You might think I hated her, and maybe I did, for a while, back when I could see her touch your hair, feel your smooth cheek on her wrinkled one. But on that day, all I felt was pity. I found myself thinking she could use some chamomile. I thought she might have trouble sleeping that night, and chamomile tea is good for that--I know. I also know that in her garden, with all its fruit trees and well tended herbs and roots, she grows no chamomile.
But I do. I have taken to growing a few things in a little patch outside my window. Nothing like her garden, of course. No carrots or leeks, no turnips or cabbages. No rampion. Just a few things I like to have on hand. Mint for a sour stomach, lavender to freshen the bedclothes, chives to put in soup.
And the chamomile. I had plenty to spare, so that night, I crept over the wall and left some on her threshold. I knew she needed it, because I could hear her pacing behind the door. In the morning it was gone.
I think I must have been right, about her losing you somehow. She does not make her daily trip anymore. I have stopped trying to follow her. What would be the point? But I do leave her more chamomile from time to time. She gives me a nod these days, if we ever see each other, out in our gardens or at the market. Once, I even dared to go to her front door, carrying a pot of tea. I thought she might not let me in. But she did. We sat in silence a while, sipping our tea.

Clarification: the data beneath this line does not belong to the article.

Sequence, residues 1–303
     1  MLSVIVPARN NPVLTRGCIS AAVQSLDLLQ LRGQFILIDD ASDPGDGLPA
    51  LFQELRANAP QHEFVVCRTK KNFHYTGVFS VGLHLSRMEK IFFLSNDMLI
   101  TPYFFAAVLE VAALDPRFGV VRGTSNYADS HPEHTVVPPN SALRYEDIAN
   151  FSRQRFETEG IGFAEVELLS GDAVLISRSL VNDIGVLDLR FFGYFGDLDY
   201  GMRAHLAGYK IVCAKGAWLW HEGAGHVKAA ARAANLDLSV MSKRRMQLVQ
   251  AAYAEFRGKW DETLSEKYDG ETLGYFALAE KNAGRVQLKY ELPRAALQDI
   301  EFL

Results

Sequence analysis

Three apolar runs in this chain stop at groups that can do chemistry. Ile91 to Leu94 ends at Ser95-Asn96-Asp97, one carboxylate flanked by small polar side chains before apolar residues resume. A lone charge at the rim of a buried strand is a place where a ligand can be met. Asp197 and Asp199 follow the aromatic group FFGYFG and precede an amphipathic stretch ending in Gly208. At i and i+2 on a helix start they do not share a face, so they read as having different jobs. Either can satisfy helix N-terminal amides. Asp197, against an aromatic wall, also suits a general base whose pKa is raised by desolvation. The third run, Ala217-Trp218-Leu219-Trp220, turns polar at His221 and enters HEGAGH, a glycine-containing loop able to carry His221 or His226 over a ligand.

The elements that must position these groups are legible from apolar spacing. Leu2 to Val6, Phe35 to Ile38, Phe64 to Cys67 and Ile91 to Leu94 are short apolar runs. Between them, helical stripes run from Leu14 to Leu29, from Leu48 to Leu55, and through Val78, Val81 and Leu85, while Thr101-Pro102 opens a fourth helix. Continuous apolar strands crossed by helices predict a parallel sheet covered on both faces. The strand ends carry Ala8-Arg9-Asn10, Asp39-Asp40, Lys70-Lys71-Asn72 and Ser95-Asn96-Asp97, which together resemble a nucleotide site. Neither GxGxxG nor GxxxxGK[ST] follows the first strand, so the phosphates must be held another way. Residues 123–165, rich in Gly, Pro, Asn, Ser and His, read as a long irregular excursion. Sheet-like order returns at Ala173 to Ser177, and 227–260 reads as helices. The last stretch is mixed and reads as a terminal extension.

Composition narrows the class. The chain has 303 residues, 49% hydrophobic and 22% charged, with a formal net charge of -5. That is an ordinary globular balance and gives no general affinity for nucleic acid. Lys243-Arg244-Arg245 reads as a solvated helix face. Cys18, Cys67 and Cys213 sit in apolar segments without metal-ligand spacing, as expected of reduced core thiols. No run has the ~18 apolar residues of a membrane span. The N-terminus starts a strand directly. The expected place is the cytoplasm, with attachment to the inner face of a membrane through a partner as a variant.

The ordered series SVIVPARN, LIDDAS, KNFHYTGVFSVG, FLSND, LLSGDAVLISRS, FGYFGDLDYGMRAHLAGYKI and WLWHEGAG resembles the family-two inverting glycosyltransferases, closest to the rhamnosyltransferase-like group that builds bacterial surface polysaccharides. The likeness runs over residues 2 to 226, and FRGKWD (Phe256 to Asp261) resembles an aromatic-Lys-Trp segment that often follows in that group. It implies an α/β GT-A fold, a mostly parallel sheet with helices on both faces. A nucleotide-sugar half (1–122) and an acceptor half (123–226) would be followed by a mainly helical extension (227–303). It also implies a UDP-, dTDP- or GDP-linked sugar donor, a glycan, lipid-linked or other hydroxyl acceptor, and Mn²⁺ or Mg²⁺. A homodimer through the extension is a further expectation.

"Do you ever hear from her?" I asked at last. She shook her head. "Do you think she's alright?" She shrugged. Then she stood and turned her back to me. It was time for me to go. I gathered up my tea things and went to the door. She held it open for me, her eyes bright with tears she refused to let fall. "There's no harm in tears, you know." I said.
She turned her head away. "There's no good in them either." I left then, the door standing open between us.
Perhaps she is right, perhaps there is no good in tears. But these days I wonder. I have heard fantastic tales in the village lately. Tales of the king's son, blinded by thorns and separated from his love, wandering for years as a beggar. Tales of how he returned to the palace, his love and their children by his side, his eyesight healed by her tears alone. It is only a story, so it makes no difference to me I suppose.
So, from either side of the garden wall we still wonder, my neighbor and I, what has become of our Rampion. Are you free, as you always wished to be? I hope so. I imagine you are, as I work in my little garden. And if I cry into the occasional midnight cup of chamomile tea, it does me no harm.
Lissa has contributed a story, poems and guest posts to Enchanted Conversation. She loves to plant her garden, but hates to weed it.